1. Why did you choose to major in International Studies?
When I entered Western, I was a Spanish Education major. However, after taking SPAN 301 and JPN 101 in my first semester here, I realized that I was not confident that I wanted to teach Spanish in the future and that Spanish was not the only language that I was interested in studying. There began my search of a new course of study that I tailored for my particular interests starting what I believe was the second semester of my freshman year: International Studies and Interdisciplinary Studies. These blended my interests in politics, socio-cultural issues, economics, language, and history in a way I previously did not imagine to be possible. From the moment I took Global Issues in the spring semester of my first year, I knew this was the path meant for me.
2. What is your second major and projected graduation date from WCU?
My second major is Interdisciplinary Studies: Dual language Studies: Spanish and Japanese. A bit of a mouth full, but has allowed me to really get involved in these two languages that I came to love and apply methods regarding linguistics and language acquisition taught in my minor, TESOL (Teaching English to Speakers of Other Languages). I hope to graduate December 2018, just waiting on those study abroad transcripts to come in.
3. Did you study abroad?
Yes! I studied abroad at Osaka Kyoiku University for one year, September 26th, 2017 to August 10th , 2018. OKU is a national education university in Kashiwara, Osaka Japan, located atop what most students fondly refer to as a “mountain,” even if it is just a steep hill.
4. What are your plans after graduation?
My immediate plan is to teach English in Japan at a preschool starting in February. I found this job while studying abroad at Osaka Kyoiku University, and actually worked from April to August there part-time while completing my year abroad. Eventually, I hope to move to teaching in middle or high schools in Japan, but in order to guarantee myself such a job, I would like to get a Master’s degree in Teaching Japanese and TESOL at NYU, or possibly a school in Japan that offers a similar program.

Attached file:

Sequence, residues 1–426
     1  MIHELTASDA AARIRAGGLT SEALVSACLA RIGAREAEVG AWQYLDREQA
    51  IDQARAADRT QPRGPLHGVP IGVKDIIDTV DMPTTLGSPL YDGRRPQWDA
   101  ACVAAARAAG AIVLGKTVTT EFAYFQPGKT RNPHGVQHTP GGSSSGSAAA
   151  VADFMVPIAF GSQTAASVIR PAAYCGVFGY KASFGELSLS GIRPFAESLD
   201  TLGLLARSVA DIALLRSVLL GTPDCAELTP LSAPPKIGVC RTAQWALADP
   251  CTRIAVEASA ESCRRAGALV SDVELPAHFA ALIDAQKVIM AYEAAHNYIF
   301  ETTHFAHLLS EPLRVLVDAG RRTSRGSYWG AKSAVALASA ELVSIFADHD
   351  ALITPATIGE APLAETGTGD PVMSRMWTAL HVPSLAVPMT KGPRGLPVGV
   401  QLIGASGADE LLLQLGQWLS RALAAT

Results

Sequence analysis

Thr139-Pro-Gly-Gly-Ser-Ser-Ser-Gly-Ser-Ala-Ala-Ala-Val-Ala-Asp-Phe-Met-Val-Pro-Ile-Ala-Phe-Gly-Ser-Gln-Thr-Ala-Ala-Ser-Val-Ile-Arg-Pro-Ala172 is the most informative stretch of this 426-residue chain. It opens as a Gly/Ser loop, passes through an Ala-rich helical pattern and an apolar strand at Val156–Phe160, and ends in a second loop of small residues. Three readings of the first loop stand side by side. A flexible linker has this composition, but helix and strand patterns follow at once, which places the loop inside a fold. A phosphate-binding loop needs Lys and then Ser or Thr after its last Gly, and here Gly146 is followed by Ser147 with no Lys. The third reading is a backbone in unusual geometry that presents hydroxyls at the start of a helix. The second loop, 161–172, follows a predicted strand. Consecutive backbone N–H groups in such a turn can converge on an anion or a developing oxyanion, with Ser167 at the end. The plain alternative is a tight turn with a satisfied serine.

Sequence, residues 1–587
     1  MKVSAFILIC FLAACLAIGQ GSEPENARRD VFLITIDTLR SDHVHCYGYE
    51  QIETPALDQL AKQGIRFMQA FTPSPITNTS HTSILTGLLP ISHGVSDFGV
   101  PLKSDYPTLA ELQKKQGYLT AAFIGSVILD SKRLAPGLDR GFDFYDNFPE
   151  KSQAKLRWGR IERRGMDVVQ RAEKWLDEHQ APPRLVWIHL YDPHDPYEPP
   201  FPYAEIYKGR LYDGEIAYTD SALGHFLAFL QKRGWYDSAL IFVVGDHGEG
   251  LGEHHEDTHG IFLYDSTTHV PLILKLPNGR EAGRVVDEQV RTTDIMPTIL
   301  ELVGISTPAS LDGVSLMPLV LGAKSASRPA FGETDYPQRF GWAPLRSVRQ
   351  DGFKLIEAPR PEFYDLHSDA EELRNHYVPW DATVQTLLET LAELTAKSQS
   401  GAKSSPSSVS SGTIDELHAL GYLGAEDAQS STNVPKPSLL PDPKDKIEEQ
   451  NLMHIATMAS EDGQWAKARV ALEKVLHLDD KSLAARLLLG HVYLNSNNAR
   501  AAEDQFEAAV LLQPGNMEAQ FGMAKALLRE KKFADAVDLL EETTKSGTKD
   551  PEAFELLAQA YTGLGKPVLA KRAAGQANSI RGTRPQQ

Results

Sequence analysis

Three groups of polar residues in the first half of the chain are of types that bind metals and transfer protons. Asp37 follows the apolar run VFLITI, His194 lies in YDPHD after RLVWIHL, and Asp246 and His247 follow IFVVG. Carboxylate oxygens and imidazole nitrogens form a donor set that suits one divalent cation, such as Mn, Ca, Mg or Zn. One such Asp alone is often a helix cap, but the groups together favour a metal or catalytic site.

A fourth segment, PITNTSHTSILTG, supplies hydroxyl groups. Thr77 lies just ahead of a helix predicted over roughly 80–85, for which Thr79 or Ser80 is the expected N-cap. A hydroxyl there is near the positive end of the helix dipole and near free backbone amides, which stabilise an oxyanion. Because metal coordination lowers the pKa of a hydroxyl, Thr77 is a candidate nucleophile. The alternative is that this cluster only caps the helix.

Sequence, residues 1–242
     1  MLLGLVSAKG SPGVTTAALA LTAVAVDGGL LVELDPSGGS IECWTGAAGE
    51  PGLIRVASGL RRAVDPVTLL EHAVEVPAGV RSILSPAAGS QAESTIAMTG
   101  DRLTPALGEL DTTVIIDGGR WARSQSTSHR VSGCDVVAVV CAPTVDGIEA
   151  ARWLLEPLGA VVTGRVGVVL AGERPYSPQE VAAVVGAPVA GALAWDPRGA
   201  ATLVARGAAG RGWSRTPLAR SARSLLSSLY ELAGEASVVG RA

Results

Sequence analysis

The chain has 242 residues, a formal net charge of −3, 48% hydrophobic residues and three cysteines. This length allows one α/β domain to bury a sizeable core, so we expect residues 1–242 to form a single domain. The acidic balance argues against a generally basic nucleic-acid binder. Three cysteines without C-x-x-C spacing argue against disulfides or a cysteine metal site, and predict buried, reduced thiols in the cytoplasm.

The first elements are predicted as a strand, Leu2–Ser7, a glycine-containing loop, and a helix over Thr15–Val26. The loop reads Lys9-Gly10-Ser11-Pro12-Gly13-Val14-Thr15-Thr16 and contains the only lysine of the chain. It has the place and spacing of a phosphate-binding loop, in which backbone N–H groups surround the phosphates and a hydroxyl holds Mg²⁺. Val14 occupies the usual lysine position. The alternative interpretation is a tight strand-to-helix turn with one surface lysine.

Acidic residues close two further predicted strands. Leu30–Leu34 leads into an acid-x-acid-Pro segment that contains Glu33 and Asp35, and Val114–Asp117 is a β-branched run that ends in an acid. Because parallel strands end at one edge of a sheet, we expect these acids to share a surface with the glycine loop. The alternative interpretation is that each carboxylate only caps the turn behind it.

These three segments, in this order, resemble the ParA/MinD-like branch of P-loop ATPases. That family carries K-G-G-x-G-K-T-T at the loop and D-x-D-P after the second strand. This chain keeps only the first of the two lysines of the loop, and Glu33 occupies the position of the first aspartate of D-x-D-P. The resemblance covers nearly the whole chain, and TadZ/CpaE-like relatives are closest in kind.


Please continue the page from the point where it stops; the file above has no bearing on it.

5. Name one International Studies class you’ve really enjoyed during your time at WCU. What stands out to you about that class?
My absolute favorite class that I took at Western was SOC 434: Regional and Societal Development with Dr. Hickey in the Spring of my second year at Western. For those students who want to just sit in a class with a professor that just talks to them the whole time, or has slides entirely based off of the textbook which you are already expected to read, this is not the class for you. Dr. Hickey does not do those things. This class was a wonderful place for discussion involving the issues that we were reading about in our textbook, and had many opportunities to apply such knowledge to real world contexts through assignments such as a case study—which we were allowed to choose on our own. The freedom of selection regarding the assignments, the connections Dr. Hickey made with each of the students, and just in general the topics at hand, made Regional and Societal Development my favorite class that I took for my International Studies degree.
6. What’s one piece of advice you have for INST majors who are just starting the program?
Don’t think of this as secondary to your other degree. You need to find the connections in your degrees to make your experiences in all your classes meaningful. Dive deep and get a concentration in a topic you love and are passionate about. Focusing your studies in one way or another will allow you to truly become an expert of something in the broad field of International Studies. Finally, study abroad—there are scholarship programs and financial aid is available, but it is up to you to make the most out of what you want your degree to mean and the weight that you want it to carry. Whoops, that’s more than one thing, but GOOD LUCK!
Created with images by Artem Bali - "Vintage globe close up in the antique store" • darkmoon1968 - "calendar book 2018"